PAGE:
If there’s one thing Dyson knows a lot about, it’s dust. With labs dotted around the world dedicated to inspecting household dirt, Dyson uses this information to develop its products. The data is also extremely useful for helping understand how dust is made and the right order to clean your home.
What is dust?
Dust is the collective name for the small particles that end up littering our homes. It comprises mostly microscopic particles of various origins, including dead skin cells, hair, pet dander, soil and pollens. Where you get dust, you also get dust mites. These microscopic creatures feast on dead skin cells and, as all living things do, poop out the waste, which can cause allergic reactions in people.
Running its global dust study, Dyson found that there was a huge increase in pet ownership with 57% of households having at least one. Of those households, 50% allowed their pets to sleep on their beds, although awareness of what this means was low.
According to the survey results, 75% were unaware that pollen can reside on their pets, 70% were unaware that viruses and house dust mite faeces can reside on their pets, and 50% were unaware that bacteria and skin flakes are on our pets.
Most households also only cleaned when their homes were visibly dirty: that means that there’s a lot of microscopic mess and allergens floating around. Cleaning regularly, even when a house doesn’t look dirty is the right way to go, but here’s how you should clean.
What we used
A vacuum cleaner is an essential tool for cleaning a home, as it removes dirt from surfaces for safe disposal. We can recommend the Dyson V15 Detect as the best cordless cleaner that we’ve reviewed.
Vacuum first, use a wet cloth second
Many households have admitted to using a wet cloth to remove dirt, but this is a terrible idea. Dust mites and mould all love a damp environment, so you’re giving them exactly what they want using this method. Instead, you should vacuum dirt to remove it from surfaces.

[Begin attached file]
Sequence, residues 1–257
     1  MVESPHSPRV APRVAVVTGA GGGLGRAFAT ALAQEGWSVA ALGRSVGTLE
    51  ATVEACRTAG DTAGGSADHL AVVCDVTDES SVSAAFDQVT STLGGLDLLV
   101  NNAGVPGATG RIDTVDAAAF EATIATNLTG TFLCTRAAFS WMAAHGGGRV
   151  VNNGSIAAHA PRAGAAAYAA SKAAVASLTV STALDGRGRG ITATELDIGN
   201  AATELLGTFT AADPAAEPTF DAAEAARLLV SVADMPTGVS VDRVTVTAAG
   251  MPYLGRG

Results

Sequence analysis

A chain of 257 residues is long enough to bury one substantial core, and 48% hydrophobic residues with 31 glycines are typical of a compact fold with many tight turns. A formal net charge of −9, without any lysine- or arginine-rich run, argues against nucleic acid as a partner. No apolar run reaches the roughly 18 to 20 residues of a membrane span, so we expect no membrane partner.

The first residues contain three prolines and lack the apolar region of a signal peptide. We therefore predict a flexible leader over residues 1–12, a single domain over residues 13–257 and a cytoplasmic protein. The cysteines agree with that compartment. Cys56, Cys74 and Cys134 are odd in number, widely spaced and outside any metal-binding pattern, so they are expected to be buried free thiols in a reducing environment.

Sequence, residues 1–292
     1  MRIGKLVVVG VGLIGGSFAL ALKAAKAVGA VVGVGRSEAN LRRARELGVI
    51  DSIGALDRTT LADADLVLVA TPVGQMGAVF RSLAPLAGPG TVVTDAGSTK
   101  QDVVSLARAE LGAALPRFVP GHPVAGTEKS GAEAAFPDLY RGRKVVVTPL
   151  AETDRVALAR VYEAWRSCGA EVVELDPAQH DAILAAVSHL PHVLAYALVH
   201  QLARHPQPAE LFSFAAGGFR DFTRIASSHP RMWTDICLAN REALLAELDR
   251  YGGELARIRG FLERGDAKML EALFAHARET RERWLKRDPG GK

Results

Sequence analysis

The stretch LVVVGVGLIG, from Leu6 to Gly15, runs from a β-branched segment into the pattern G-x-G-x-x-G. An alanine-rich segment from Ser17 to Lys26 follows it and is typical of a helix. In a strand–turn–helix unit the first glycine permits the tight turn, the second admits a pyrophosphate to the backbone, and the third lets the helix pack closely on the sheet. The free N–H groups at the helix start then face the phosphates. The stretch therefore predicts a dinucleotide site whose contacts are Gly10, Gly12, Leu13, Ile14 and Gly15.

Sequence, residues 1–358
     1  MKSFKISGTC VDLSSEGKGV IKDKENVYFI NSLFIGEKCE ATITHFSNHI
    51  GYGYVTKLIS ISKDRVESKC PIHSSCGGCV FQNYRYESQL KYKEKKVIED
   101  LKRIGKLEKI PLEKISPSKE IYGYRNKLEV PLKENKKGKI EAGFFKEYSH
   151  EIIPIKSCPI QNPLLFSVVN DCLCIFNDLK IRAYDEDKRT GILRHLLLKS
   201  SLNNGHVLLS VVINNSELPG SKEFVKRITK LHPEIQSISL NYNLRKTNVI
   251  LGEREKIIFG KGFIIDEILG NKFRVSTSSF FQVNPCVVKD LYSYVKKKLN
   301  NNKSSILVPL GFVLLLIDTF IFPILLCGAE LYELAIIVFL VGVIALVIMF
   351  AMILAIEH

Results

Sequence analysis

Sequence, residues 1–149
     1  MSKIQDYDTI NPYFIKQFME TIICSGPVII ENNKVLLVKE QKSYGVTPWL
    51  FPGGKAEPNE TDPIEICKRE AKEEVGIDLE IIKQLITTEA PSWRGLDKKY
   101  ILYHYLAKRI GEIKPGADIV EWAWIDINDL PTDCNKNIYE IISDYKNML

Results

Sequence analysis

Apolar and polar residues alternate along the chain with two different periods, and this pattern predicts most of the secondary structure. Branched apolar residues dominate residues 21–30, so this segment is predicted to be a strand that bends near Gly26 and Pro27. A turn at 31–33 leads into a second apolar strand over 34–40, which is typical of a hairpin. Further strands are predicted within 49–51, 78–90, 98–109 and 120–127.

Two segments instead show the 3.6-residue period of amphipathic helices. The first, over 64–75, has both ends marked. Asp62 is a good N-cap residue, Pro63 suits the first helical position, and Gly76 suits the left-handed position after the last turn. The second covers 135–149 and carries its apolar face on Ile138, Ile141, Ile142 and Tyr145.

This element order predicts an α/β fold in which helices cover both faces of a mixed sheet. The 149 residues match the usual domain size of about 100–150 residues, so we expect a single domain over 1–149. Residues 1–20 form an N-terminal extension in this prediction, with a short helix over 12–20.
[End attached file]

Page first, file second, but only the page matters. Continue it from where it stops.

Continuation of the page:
With any decent vacuum cleaner, you’ll find tools designed to cater for specific jobs: a crevice tool (the long pointy one) is to get into narrow gaps and around the sides of a room; an upholstery tool or motorised mini tool is for soft surfaces, including sofas and curtains; and a soft brush is to replace a traditional duster.
For floors, you may find that your vacuum cleaner has different attachments for different types. For example, with Dyson, the soft roller is for hard floors, and the brush is for carpets.
Once you’ve vacuumed, you can clean surfaces with a cloth or mop, using your choice of cleaning solution or polish.
Start up high
As you vacuum, dust is knocked down. As a result, it makes the most sense to clean up high, starting on the tops of cupboards and around the skirting board, before making your way down. Do remember to clean your sofas and soft furnishing as well: these can harbour dust mites and their droppings, as well as collecting dust and allergens.
Vacuum your mattress
Sleeping on your mattress all night means that’s a primary location for dead skin cells to gather. Throw in the fact that mattresses are warm and moist, thanks to our bodies, and you’ve got the perfect breeding ground for dust mites (pictured below). Make sure that you vacuum your mattress regularly – at least once a month. It makes sense to time cleaning your mattress as you change your sheets.
Use an air purifier
While there’s no getting around vacuuming, an air purifier can help reduce the number of pollutants in the air, including pet hair, pollen and microscopic particles. Purifiers work by sucking up airborne particles and trapping them in a filter, stopping them from settling. By removing airborne particles, they also make the air we breathe cleaner.
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Yes, although they only tackle dirt on the ground, so you need to vacuum higher up, including soft furnishings. It makes sense to do the manual cleaning first, then run the robot.